Building on Pausanias’ distinction between two types of Love, Eryximachus expands this, claiming that Love not only occurs in humans, but everywhere in the universe, including the animal kingdom and in the world of plants, a lesson he learned from the field of medicine. Love directs everything that occurs with humans and gods. Being a doctor himself, he draws on his knowledge from the science of medicine throughout his speech.
Bodies manifest two species of love: one type in health and the other in disease. Eryximachus states that medicine is the science of the effects of Love on repletion and depletion of the body. Physicians must be able to distinguish Love that is noble from Love that is disgraceful and their task is to establish mutual love between bodily elements. In other words, guided by Love, medicine seeks to create harmony in the human body, ridding discordant elements, similar to how music creates rhythm and harmony.
Eryximachus ultimately agrees with Pausanias, saying that Heavenly Love, love felt by good people or by those who might be improved, must be encouraged. Caution is indicated from vulgar or Common Love (which he says comes from Polyhymnia, rather than Pandemos as indicated by Pausanias), which can easily slip from pleasure into debauchery if not regulated.
The proper species of Love creates harmony, even amongst opposites. Love affects all of nature and even interactions between humans and gods. The diseased Love causes impiety, pulling us away from proper Love, which is necessary to interact with the gods. Divination encourages proper kind of Love, producing affection between gods and men. The power of Love is ultimately absolute.
By Eryximachus’ speech’s end, Aristophanes’ hiccups have stopped; he used the Sneeze Treatment suggest by Eryximachus to stop them. He comically applies Eryximachus’ principle, saying the orderly sort of Love must have taken over since Eryximachus’ suggestion to cure the hiccups have worked.
Eryximachus warns Aristophanes that he is about to begin his own speech, making him vulnerable to others’ jokes as well. Aristophanes takes a step back, saying he has not tried to joke about Eryximachus’ speech, before beginning his own.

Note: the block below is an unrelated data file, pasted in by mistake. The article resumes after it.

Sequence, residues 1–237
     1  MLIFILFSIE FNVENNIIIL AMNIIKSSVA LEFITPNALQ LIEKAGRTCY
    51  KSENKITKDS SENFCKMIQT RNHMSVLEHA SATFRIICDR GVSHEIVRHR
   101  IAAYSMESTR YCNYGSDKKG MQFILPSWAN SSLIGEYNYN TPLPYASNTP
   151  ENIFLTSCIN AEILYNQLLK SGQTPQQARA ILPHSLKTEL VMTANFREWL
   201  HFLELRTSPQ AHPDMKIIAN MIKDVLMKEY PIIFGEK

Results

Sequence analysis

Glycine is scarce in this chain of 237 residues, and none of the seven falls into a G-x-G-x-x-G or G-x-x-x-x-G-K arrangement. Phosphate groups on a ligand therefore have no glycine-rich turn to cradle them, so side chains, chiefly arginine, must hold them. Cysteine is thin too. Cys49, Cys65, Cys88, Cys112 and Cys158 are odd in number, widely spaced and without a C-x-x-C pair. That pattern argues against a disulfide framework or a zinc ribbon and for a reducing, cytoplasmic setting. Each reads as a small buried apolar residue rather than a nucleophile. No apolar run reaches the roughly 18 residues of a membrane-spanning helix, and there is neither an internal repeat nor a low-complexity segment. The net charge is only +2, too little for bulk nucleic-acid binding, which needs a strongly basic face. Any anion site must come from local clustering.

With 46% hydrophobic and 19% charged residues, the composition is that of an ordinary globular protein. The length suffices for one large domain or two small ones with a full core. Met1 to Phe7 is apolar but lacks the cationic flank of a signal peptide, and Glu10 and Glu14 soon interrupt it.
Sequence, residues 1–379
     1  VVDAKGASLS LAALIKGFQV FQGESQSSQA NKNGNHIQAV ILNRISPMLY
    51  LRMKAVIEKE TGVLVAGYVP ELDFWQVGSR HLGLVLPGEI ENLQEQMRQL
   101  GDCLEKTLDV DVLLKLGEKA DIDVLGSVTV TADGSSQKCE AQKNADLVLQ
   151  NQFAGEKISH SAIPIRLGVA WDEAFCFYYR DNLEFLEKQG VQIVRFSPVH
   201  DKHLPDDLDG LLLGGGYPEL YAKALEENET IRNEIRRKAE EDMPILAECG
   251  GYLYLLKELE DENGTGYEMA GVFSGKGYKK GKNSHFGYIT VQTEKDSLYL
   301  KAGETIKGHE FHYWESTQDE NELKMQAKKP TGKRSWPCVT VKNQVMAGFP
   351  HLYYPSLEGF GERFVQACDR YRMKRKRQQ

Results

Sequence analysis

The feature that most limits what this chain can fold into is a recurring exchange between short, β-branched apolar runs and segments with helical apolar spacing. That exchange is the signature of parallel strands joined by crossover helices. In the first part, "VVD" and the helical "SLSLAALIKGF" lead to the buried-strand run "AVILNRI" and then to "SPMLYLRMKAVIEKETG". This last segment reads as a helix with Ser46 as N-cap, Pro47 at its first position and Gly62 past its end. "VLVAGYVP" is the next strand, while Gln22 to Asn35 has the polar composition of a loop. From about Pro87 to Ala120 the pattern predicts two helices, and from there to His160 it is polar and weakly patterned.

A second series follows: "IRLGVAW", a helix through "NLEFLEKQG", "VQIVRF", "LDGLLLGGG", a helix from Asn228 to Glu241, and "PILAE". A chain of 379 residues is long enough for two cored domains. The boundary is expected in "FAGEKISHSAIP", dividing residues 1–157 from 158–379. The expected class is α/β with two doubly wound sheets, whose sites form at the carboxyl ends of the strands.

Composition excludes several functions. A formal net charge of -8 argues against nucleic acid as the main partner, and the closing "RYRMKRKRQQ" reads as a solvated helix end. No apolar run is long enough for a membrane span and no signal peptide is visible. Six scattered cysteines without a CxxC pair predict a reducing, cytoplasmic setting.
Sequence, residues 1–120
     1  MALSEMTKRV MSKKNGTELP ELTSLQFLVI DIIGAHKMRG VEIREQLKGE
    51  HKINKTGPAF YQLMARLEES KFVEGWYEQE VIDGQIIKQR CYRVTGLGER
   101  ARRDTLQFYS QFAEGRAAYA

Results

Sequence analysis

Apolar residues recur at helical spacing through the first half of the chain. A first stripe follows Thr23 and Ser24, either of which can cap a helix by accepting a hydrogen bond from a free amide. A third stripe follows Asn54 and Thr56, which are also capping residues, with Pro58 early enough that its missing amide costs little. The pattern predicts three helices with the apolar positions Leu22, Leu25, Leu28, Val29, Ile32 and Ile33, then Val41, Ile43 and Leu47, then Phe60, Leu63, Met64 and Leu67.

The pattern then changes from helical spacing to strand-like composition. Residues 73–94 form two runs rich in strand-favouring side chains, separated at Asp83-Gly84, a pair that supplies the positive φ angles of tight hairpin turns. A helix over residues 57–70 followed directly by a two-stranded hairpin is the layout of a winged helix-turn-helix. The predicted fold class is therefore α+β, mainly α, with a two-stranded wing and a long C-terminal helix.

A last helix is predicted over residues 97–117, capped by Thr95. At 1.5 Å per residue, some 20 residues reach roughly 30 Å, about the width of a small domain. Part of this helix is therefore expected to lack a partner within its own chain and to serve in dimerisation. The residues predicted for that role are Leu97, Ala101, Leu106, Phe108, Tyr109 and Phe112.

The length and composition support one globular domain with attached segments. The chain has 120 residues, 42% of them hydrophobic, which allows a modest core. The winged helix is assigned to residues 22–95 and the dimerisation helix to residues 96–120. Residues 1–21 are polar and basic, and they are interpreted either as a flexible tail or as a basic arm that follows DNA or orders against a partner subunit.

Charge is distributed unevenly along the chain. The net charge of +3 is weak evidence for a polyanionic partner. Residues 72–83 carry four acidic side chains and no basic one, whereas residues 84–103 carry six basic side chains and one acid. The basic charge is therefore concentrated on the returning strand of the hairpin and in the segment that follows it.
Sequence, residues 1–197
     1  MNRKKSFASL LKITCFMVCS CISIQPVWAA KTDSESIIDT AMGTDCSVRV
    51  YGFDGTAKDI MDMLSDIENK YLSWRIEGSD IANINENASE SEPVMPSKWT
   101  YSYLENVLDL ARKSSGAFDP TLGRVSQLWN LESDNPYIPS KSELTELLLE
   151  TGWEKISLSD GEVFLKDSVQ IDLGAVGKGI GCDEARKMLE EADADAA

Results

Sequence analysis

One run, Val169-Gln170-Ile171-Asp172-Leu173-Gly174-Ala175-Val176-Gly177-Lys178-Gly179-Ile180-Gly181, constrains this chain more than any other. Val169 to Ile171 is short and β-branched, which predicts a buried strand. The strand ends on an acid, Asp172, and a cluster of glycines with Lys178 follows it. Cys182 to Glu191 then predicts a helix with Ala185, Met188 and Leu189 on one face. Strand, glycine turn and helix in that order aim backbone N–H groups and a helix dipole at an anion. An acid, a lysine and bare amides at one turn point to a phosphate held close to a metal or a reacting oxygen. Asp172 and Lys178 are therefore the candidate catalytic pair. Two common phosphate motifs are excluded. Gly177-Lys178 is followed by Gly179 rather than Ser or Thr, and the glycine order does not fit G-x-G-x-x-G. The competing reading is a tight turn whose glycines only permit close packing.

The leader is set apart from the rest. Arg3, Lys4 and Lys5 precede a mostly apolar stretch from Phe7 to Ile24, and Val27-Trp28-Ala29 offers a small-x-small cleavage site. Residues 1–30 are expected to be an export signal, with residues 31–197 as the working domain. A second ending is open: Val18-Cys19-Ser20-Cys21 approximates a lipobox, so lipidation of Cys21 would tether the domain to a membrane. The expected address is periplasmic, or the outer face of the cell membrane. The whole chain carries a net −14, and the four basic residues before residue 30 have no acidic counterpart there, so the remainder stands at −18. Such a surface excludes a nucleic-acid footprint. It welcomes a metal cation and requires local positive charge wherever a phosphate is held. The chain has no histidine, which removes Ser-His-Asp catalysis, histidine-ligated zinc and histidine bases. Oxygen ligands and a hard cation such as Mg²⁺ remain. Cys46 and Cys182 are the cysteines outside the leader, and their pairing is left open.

Similar to Pausanias, Eryximachus is satirized by Plato for self-importance and high opinion of the significance of medicine. The tone of his speech is pedantic, as is the portrayal of his character throughout the book; he takes every opportunity possible to show his knowledge of medicine. It can be argued that it is a satirizing portrait of a pedantic expert or scientist.
However, it can also be argued that Plato places Eryximachus in a prominent position--he is responsible for the decision not to excessively drink and suggests the topic of Eros for the gathering. He and Phaedrus are addressed between speeches. Also, while his phrases are dogmatic and he praises his profession highly, so do others, such as Agathon who praises poets in his speech, being a poet himself.
Plato compares physicians with statesmen in later works, supporting the idea that he might not have been seriously mocking doctors. By the end of Eryximachus’ speech, Aristophanes’ hiccups have ended, suggesting he was no longer trying to mock the speaker, as he might have been mocking Pausanias. However, as his hiccups had still occurred during some portion of the speech and he makes comments in jest at its conclusion, it is more plausible that he was still mocking Eryximachus.
Eryximachus’ speech introduces the idea of balance and generalizes love beyond interactions between individuals, applying it to almost everything in the world. He stretches the meaning of love into harmony, stating that health is the harmony of opposites in general. He essentially describes the harmony of, or the point in between the self-sacrifice in Phaedrus’ speech and the self-indulgence in Pausanias’ speech. The idea of love being in between extremes becomes important in Socrates’ account of love.
His is the first account of the goodness of Eros based on scientific principles. This clinical detachment is the most prominent feature of his speech, making it a passionless depiction of love. The account fails to reflect love’s role in the human condition and effects of interpersonal relationships.